This month, several dozen University of Rochester faculty, staff, and students will meet with leaders of the Native American community to discuss the needs of Native American students pursuing higher education. A first for the University, the summit, which will be held on Tuesday, Aug. 17, from 11 a.m. to 5 p.m., is designed to educate the Rochester community about Native American heritage and culture, and how to best support students on campus.
"Rochester-area Native history already offers extraordinary insights about today's biggest problems such as sustainability and intercultural dialogue," said Jonathan Burdick, dean of admissions and financial aid at Rochester. "To maximize everyone's benefit from that strength, the University is seeking greater collaboration with today's local Native students, educators, and leaders."
The summit will include a lecture on the history of Native American education, performances by local dance troupe the Ganondagan Spirit Dancers, a keynote address by Stephanie Waterman, professor of educational leadership at the University's Warner School of Education, and a panel presentation given by members of the six Iroquois Nations. In addition, college officials from Cornell University, the Rochester Institute of Technology, and SUNY Fredonia will discuss the initiatives, programs, and resources available to Native American students on their campuses.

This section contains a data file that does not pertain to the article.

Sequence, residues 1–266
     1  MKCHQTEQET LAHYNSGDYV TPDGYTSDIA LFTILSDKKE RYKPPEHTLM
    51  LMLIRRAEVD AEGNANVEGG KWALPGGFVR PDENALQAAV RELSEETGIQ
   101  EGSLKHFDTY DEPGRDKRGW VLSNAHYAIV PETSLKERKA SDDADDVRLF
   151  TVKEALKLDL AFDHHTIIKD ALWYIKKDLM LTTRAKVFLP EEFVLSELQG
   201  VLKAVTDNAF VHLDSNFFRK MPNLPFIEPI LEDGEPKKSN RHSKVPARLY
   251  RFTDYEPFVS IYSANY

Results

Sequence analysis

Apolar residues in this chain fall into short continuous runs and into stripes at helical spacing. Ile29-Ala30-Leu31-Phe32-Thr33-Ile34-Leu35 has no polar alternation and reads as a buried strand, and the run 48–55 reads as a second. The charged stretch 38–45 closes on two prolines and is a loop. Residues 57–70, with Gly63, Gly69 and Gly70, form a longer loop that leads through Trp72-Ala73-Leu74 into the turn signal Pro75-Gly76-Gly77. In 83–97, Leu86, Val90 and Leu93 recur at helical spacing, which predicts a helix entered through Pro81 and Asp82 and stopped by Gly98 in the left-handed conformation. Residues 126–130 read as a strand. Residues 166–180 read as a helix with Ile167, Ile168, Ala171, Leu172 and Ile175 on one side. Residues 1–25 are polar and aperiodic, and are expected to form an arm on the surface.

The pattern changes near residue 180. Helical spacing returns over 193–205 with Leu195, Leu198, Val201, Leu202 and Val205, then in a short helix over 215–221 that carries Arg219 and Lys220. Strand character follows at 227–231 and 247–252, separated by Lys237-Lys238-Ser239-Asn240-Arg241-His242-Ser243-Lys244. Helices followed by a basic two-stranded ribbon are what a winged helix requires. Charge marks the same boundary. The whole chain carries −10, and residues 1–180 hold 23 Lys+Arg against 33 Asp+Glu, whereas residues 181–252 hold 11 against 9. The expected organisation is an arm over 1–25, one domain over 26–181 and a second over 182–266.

The summit is part of a larger effort to recruit and retain Native American students; Native Americans currently make up less than 1 percent of the student population at Rochester. In spring 2010, the University began a partnership with College Horizons, a nonprofit organization that designs pre-college programs aimed at preparing Native American students for higher education.
The University participated in three College Horizons summer programs this year, sending representatives to the University of Hawaii in Hilo, Hawaii, Lawrence University in Appleton, Wis., and the University of Puget Sound in Tacoma, Wash. Each program introduces students to different colleges and universities, offers workshops on writing admissions essays and personal statements, and conducts sessions on standardized tests including the SAT and ACT. The University successfully earned a bid to host one of the five-day programs in summer 2011.
"It's great that the University wants to build a closer relationship with a community that is such an important part of this area and this country," said Christopher Bethmann, a sophomore majoring in international relations and Spanish at the University. "The Summit is a wonderful way for the University to start cultivating Native American culture on campus and to learn from the many voices represented."